Drug enforcement is not racist by John P. Walters and David W. Murray.
Yep, that John Walters. The former drug czar, and subject of hundreds of drug warrant postings. And yes, he and David Murray are arguing that the drug war isn’t racist.
His argument construction is truly masterful in its evil obfuscation.
Note where he tries to take you. From “the drug war is not racist” to this explanation:
A 2008 study by the Bureau of Justice Statistics found that fewer than 0.3 percent of those incarcerated in state prison (which is where most US inmates are incarcerated) are there for simple marijuana-possession offenses — and many of those have just “pled down” from more serious offenses.
Wow. I’ve seen others misuse the state prison argument, but none to this degree. Of course, the drug war is way, way more than simple marijuana-possession offenses, and, of course, simple marijuana-possession offenses are not likely to end up specifically in state prison, but that doesn’t mean that the hundreds of thousands arrested each year for it are not harmed. Note the “which is where most US inmates are incarcerated” line, which is intended to make you think that anything else is an insignificant aspect to the argument.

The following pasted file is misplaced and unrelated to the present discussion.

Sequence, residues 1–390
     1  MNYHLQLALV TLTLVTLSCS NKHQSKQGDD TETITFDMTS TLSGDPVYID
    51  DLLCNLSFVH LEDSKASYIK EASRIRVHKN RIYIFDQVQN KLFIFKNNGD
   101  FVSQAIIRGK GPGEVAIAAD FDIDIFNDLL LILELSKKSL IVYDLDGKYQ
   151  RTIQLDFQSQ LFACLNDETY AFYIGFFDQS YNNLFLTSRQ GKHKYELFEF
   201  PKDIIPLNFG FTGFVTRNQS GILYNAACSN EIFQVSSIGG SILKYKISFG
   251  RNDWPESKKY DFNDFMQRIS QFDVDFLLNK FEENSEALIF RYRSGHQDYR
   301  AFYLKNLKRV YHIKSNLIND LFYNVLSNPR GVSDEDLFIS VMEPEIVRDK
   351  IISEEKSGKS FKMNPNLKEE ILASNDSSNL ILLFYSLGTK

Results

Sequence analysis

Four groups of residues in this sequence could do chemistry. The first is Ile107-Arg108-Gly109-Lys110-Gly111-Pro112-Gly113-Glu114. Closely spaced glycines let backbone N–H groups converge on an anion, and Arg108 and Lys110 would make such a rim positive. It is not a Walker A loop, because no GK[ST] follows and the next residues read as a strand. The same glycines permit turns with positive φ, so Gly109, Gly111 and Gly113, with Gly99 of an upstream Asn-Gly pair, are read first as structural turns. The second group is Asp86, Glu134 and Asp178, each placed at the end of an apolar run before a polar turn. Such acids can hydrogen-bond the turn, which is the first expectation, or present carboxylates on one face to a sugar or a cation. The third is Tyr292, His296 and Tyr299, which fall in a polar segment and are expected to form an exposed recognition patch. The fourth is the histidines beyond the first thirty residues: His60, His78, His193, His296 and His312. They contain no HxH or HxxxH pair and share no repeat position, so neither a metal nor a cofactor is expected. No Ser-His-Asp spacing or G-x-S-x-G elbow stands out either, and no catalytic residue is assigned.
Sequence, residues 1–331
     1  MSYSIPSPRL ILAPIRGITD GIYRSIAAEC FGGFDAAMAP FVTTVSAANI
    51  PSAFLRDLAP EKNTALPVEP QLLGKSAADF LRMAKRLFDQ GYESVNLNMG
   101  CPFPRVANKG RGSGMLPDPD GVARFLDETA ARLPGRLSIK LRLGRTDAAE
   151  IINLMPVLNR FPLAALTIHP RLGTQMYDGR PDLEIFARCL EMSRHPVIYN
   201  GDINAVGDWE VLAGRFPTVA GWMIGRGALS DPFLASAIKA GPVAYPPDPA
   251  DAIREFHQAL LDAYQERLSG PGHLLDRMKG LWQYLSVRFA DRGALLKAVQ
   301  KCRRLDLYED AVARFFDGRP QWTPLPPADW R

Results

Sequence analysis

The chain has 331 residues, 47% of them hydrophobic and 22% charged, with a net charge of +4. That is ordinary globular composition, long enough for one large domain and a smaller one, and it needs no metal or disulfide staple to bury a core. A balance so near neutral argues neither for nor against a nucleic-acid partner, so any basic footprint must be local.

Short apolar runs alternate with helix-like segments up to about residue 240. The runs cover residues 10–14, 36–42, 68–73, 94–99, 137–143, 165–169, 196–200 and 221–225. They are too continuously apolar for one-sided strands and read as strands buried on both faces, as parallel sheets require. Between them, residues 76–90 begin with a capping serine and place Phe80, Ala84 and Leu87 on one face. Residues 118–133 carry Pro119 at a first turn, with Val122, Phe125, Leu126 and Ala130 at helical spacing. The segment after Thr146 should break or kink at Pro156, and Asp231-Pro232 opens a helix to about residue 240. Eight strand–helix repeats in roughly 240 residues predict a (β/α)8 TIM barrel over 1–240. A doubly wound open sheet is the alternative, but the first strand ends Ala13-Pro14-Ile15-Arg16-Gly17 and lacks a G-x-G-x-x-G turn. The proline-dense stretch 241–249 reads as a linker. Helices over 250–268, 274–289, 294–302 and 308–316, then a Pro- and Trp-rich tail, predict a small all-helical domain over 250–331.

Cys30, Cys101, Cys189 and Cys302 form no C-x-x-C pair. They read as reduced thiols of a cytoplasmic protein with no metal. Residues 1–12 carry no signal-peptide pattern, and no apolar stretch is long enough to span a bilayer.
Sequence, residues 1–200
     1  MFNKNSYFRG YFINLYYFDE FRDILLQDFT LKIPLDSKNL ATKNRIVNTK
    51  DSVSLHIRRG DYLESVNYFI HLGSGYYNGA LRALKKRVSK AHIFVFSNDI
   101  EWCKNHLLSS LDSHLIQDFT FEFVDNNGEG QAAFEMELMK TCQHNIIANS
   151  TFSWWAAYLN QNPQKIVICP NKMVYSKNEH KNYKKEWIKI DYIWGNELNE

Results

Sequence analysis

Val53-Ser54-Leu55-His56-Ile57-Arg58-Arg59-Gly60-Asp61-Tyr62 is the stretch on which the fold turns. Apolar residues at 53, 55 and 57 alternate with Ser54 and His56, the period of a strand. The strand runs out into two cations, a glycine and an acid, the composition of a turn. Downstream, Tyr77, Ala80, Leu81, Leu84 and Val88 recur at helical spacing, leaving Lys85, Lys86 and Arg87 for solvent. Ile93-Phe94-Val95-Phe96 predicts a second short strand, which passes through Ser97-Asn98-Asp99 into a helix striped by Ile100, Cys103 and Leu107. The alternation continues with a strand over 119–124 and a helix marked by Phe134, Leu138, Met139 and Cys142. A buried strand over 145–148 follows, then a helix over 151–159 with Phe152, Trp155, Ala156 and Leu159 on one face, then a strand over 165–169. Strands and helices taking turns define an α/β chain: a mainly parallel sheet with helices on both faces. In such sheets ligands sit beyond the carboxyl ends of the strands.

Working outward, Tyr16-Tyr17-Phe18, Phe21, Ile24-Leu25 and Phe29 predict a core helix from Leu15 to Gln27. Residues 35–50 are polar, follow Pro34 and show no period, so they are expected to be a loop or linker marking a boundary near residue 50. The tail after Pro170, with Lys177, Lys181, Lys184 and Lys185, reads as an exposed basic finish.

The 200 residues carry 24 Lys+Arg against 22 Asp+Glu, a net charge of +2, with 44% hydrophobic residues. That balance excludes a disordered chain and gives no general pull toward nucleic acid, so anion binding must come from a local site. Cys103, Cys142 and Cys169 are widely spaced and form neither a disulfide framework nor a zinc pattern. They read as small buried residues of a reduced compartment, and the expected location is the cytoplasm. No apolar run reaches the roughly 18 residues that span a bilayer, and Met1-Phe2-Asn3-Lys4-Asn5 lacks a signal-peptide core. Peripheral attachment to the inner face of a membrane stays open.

Are African-Americans targeted victims of the drug laws? No — race is not the driver of “disparate impact.”
This is also fascinating. The drug war is racist because of its impact, not necessarily because of conscious effort on the part of all those enforcing. But here, he uses one aspect in the question, and a different one in the answer, making it seem like they follow when they don’t.
Walters was really good at this kind of paragraph construction when he was drug czar. He’d place disconnected statements next to each other in a way to make you think there was a connection between them.
Read the rest of his piece and see how he uses this in many of his arguments (also pay particular attention to words like “associated with” and “linked,” as well as his use of the perfect solution fallacy). Analyzing his writing is good practice for us.
Walters has definitely been consistent as a manipulative sadomoralist, even going back to his early days, when he was co-author of “Body Count: Moral Poverty.. and How to Win America’s War Against Crime and Drugs” with William J. Bennett and John J. DiIulio, Jr.
In some strange way, I almost miss this evil genius. Today’s buffoons like Kevin Sabet really don’t hold a candle.